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| THE UNITED STATES DISTRICT COURT|
FOR THE DISTRICT OF COLUMBIA
COMPETITIVE IMPACT STATEMENT
Plaintiff United States of America ("United States"), pursuant to Section 2(b) of the Antitrust Procedures and Penalties Act ("APPA" or "Tunney Act"), 15 U.S.C. § 16(b)-(h), files this Competitive Impact Statement relating to the proposed Final Judgment submitted for entry in this civil antitrust proceeding.
I. NATURE AND PURPOSE OF THE PROCEEDING
On March 5, 2008, the United States filed a civil antitrust complaint seeking to enjoin the proposed merger of Altivity Packaging, LLC (Altivity") and Graphic Packaging International, Inc ("Graphic"). The Complaint alleges that the likely effect of the merger would be to lessen competition substantially in the production and sale of coated recycled boxboard ("CRB") in North America in violation of Section 7 of the Clayton Act, 15 U.S.C. § 18. This loss of competition likely would result in higher CRB prices in the United States. At the same time the Complaint was filed, the United States also filed an Asset Preservation Stipulation and Order ("Stipulation") and a proposed Final Judgment, which are designed to eliminate the anticompetitive effects of the merger.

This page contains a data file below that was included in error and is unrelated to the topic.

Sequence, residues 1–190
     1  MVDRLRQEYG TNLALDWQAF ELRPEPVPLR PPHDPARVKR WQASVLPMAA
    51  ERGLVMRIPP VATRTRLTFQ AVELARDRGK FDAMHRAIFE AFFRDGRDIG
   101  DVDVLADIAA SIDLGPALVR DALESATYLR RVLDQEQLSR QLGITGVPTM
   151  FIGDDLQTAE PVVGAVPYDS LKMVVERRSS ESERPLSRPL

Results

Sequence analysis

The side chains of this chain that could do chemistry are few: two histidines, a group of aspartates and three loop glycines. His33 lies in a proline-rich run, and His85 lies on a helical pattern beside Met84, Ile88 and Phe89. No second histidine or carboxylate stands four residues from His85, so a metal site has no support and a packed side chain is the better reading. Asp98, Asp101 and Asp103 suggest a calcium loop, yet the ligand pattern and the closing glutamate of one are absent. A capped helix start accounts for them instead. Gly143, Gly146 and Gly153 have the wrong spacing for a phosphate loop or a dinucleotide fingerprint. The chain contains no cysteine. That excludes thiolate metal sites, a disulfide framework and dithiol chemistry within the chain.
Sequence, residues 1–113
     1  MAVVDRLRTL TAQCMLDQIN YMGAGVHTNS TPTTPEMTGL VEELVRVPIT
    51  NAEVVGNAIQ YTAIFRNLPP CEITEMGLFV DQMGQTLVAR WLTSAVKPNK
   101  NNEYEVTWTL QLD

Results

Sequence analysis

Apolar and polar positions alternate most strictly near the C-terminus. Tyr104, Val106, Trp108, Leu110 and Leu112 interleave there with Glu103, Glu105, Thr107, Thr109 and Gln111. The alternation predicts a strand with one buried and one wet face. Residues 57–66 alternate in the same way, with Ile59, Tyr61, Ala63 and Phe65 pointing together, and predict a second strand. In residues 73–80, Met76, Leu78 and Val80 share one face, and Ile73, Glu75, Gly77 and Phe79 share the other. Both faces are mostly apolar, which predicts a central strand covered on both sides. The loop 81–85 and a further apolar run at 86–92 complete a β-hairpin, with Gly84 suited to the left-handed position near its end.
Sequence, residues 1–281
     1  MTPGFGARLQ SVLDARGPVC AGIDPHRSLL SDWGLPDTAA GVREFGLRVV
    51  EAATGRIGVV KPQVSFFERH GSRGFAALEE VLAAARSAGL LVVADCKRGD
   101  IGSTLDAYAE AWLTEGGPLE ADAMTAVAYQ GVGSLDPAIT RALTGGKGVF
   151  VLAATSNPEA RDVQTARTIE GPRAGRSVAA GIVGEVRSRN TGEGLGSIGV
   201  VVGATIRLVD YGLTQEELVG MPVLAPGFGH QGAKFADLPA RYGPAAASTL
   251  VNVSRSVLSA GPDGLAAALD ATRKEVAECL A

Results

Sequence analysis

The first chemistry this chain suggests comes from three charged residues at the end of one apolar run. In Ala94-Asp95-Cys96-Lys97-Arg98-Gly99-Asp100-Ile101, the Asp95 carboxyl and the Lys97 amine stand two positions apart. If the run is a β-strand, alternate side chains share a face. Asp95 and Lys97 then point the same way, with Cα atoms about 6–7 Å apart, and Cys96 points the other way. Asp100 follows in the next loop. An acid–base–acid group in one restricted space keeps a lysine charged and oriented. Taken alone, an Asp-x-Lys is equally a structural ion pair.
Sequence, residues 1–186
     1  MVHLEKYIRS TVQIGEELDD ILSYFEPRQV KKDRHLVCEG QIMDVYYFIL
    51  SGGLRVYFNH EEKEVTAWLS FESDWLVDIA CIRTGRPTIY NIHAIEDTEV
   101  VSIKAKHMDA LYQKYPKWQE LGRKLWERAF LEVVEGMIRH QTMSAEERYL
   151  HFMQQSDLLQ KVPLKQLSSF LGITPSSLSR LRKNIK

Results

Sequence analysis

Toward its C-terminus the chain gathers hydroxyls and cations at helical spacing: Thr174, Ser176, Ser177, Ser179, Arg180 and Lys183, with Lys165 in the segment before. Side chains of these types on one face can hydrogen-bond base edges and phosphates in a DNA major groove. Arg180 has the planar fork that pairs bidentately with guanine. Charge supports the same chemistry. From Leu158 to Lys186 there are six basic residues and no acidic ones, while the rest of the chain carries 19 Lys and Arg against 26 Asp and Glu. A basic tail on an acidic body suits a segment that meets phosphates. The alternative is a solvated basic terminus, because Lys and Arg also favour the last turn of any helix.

Under the proposed Final Judgment, which is explained more fully in Section III, Defendants are required to divest two Altivity mills that manufacture CRB. Until the Altivity CRB mills are sold and operated under new ownership, Defendants must ensure that the mills and related assets are operated as ongoing, economically viable, and competitive assets.
The United States and Defendants have stipulated that the proposed Final Judgment may be entered after compliance with the APPA. Entry of the proposed Final Judgment would terminate this action, except that the Court would retain jurisdiction to construe, modify, or enforce the provisions of the proposed Final Judgment and to punish violations thereof.
II. EVENTS GIVING RISE TO THE ALLEGED VIOLATION
A. Defendants and the Proposed Transaction